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Chambliss Center, local single mom featured in HBO documentary
FOR THE PAST YEAR OR SO, HBO HAS BEEN filming a documentary at my son’s day care. I know this because I have signed several release documents and seen the odd cameraman lounging at the entrances. I spoke with a producer early on, attempting to get an interview, but it seems that most days I wasn’t there at the time when they were filming.
My brief conversation with the producer informed me that the documentary was about single mothers at the poverty line, about the challenges they face raising their children on little income and limited time.
What I assumed would be a few days of filming comparing and contrasting 24-hour daycare programs like The Chambliss Center became “Paycheck to Paycheck: the Life and Times of Katrina Gilbert.” It focuses on one woman, Katrina Gilbert, a Chattanooga resident with three children fighting for financial security and a better future for her children.
I have no doubt that I have passed Ms. Gilbert in the hallways of The Chambliss Center, one of the few positive influences in her life. I know that I have passed many women in the hallways of the center in similar situations. Katrina Gilbert is not alone in her struggle.
“Paycheck to Paycheck” is founded in the recently released Shriver Report on women and poverty. According to the report, one in three women in the U.S. is facing poverty as a daily reality. Nearly two-thirds of minimum wage workers in the U.S. are women. Forty percent of all households with children under 18 are headed by women who are the sole or primary source of income. These conditions mean that even one minor incident, a broken-down car or a sudden illness, can turn into a major disaster that can ruin entire lives. The documentary follows Ms. Gilbert through one year of her life, documenting the low wage she makes as a certified nursing assistant at an extended-care facility for the elderly. She struggles with her own health issues, suffering from Graves’s disease and sometimes being forced to choose between medication and caring for her children. It’s a reality that far too many women in Chattanooga face. Katrina Gilbert could be any one of the women I see daily as I pick up my son.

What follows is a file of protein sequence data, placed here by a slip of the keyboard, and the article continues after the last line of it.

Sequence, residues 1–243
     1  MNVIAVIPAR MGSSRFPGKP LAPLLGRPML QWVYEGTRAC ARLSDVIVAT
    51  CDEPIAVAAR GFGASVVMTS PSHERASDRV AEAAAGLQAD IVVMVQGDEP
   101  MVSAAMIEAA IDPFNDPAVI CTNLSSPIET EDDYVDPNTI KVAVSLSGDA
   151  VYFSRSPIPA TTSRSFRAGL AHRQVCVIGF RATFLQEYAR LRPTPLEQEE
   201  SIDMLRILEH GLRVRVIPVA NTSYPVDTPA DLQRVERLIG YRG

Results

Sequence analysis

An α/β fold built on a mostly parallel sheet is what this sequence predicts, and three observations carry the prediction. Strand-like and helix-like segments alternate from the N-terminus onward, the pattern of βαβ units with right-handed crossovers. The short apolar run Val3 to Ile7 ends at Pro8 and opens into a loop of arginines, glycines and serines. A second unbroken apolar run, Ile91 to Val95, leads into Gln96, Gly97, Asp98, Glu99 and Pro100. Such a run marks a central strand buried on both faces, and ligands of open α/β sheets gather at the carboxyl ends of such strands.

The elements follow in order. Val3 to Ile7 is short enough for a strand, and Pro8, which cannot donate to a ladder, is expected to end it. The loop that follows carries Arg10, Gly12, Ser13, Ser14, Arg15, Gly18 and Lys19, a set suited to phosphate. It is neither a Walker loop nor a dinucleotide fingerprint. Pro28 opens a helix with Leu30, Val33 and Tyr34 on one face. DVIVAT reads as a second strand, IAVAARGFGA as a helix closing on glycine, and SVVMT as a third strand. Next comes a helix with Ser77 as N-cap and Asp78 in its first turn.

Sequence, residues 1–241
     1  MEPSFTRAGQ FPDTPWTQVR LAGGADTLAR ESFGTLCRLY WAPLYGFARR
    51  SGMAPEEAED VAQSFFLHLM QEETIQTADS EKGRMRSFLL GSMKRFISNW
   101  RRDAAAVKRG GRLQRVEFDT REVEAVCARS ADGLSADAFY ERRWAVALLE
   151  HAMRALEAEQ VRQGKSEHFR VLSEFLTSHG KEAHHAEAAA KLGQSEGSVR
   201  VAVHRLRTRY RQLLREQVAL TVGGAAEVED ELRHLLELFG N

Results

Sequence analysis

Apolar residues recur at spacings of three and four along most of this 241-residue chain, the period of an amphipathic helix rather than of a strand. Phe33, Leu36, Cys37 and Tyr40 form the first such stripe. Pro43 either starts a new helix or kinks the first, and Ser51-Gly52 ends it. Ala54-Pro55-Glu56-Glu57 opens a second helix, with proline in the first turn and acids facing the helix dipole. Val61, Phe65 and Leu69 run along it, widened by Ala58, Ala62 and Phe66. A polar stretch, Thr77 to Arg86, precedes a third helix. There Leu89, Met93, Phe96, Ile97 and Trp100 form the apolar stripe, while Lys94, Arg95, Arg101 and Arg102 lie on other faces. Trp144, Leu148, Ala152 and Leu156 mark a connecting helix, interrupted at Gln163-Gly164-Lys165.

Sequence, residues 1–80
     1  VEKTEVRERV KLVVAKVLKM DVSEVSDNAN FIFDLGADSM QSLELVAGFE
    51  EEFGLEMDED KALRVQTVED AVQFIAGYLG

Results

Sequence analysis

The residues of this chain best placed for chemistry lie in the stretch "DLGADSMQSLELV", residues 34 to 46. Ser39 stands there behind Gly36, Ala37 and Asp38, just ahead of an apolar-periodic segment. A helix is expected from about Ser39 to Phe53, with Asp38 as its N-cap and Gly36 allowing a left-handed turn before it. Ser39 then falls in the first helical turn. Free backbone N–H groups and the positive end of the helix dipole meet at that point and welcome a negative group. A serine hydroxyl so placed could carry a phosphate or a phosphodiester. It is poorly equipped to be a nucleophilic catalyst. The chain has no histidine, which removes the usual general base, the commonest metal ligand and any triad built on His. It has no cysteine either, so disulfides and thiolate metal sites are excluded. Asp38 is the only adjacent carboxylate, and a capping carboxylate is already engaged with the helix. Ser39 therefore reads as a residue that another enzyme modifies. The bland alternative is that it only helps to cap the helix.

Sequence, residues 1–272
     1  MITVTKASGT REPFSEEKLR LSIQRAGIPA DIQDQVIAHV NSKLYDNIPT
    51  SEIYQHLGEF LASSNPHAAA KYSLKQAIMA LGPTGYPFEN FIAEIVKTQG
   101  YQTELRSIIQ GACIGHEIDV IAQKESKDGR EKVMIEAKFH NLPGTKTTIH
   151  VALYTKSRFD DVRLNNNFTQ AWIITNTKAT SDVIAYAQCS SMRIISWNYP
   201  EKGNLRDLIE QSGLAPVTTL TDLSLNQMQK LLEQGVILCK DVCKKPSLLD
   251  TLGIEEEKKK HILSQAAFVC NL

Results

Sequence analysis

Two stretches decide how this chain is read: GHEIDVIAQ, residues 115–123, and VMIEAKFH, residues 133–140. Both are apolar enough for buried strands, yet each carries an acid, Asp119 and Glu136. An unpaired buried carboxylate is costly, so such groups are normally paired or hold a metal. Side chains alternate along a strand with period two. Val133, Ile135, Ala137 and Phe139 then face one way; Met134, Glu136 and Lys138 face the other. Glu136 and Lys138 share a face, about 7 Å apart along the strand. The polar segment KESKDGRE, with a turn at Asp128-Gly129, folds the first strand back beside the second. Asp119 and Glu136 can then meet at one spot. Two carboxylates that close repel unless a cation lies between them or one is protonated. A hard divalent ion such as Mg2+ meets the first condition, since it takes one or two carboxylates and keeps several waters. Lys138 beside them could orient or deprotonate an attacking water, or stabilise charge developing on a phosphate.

One of the focuses of the film is the Chambliss Center for Children in Brainerd. It is a 24-hour subsidized childcare facility that operates on a sliding scale based on income. It serves parents who are either working or in school, as well as providing a home for foster children removed from their parents due to abuse or neglect.
What I can tell you about the Chambliss Center is that it is likely the most worthwhile charity cause in Chattanooga. My son has attended the school since he was 8 weeks old, and in the last four years has flourished under their programs. It allowed both my wife and me to attend school and receive our teaching licenses without spending the majority of our limited income on childcare. I can tell you that Ms. Gilbert’s situation would be dramatically worse if she didn’t have access to the program. I can also tell you that facilities like The Chambliss Center should be expanded and funded and prioritized due to their unique position as a tool in the fight against poverty. Education is the key to overcoming poverty and The Chambliss Center is an essential service for women like Katrina Gilbert.
Katrina Gilbert is as much a part of our city as our parks, our arts culture, and our skyline. Much of the news we hear about the Scenic City is about how the city was revitalized through concentrated effort across administrations. As notable as this is, and as exceptional the results, we should think about what might be possible if we put the same effort and money into our citizens, into providing real relief to those experiencing poverty. If we can change the riverfront, we can change the lives of people like Katrina Gilbert.
The HBO film premiered in Chattanooga last week at the Memorial Auditorium, but will be available for home viewing on March 17. It will be free on HBO.com, YouTube, and on EPB On Demand Viewing.